About the Leitners

Peter & Margaret Leitner

Peter Leitner was a Hungarian Jew who fled his homeland at the age of 19 during the quelling of the Hungarian Uprising in 1956. He found refuge in Canada and England before coming to Bermuda as a trained architect. In 1969, he joined Maurice Terceira in what would eventually become the firm Terceira & Leitner.

Meanwhile, Margaret, who was English, was embarking on a career in Government service that would eventually see her serving as secretary to the Attorney General, and finally as the Chief Justice's secretary. Throughout this time she was also responsible for the Supreme Court Library. She worked long hours without the benefit of the high-tech equipment we now take for granted.

The Leitners each moved to Bermuda in 1966, and met the same year. They were married in 1968.

They lived in a small house "Sixty Steps" that overlooked Harbour Road and the harbour beyond. Peter and Margaret, and their beloved dog Toschka, settled happily into their home. Peter could often be seen running on the beach with his canine companion or riding his scooter around town with the irrepressible Toschka riding atop the gas tank.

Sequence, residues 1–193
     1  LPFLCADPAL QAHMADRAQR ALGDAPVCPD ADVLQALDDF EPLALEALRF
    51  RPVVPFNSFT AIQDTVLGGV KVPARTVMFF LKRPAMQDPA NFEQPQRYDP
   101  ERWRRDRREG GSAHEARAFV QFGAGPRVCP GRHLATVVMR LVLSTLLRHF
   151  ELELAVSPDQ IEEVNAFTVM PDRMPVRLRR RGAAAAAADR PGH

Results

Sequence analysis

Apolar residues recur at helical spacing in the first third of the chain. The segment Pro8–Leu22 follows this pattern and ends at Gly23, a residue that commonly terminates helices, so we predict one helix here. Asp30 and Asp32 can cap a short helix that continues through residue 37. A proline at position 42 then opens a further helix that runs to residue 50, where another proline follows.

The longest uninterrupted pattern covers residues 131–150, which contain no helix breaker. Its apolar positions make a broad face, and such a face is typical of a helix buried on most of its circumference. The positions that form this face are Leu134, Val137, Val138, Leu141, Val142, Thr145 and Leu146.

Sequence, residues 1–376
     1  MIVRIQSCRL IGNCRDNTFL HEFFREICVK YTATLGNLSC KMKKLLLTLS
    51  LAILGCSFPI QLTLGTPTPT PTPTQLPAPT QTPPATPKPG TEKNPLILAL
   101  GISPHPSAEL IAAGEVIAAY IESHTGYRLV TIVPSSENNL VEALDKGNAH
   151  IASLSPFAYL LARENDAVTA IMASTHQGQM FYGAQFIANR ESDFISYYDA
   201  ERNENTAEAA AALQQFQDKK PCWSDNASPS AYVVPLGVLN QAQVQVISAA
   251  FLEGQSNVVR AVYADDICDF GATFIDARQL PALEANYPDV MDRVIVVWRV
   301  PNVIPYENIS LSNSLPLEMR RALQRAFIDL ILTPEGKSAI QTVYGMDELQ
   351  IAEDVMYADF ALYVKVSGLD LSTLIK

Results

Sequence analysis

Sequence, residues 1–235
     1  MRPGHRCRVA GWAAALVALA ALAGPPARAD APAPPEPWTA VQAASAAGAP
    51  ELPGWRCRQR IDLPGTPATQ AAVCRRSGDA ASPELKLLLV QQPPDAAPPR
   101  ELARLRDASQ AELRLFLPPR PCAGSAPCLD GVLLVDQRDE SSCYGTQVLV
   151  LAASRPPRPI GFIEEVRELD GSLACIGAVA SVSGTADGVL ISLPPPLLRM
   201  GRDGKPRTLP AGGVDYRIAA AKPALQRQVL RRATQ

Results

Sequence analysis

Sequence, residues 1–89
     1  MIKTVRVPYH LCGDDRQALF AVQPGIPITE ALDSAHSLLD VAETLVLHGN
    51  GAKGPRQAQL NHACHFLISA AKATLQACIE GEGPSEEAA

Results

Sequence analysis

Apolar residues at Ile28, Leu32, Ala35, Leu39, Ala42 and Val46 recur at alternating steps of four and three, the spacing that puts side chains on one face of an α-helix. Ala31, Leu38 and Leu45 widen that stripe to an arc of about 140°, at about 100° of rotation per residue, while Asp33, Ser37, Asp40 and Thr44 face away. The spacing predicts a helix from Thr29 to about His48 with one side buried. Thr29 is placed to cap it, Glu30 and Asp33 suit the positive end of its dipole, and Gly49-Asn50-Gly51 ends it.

Peter's artistic sensibilities were certainly important to his career, but he needed to accommodate the commercial realities of life. Many Bermudian houses and office buildings owe their origins to Peter's designs. Peter had a strong interest in art and music, and was a skilled water-colourist in his own right. Naturally, Peter and Margaret looked to Bermuda's arts scene for both the stimulation and relaxation so necessary for working couples.

The Leitners commitment to Bermuda was complete in every way; from 1966 until their deaths, they never considered any other place their home. Peter died in 1988. Margaret continued to live at “Sixty Steps”, but her zest for life slowly eroded until she, too, died in 2000. There is no question that she missed her husband and carefully tended his memory.

In deciding that this scholarship should benefit "creative Bermudians", Margaret acknowledged what her husband always considered himself to be, albeit without the status to prove it. It was Margaret's wish that the scholarship be in the name of her husband alone. This, more than anything else, allows us to see Margaret's enormous capacity for humility and generosity. It is even more touching to know that she did not intend for us to think of her this way. To her mind, she was simply honouring Peter's spirit.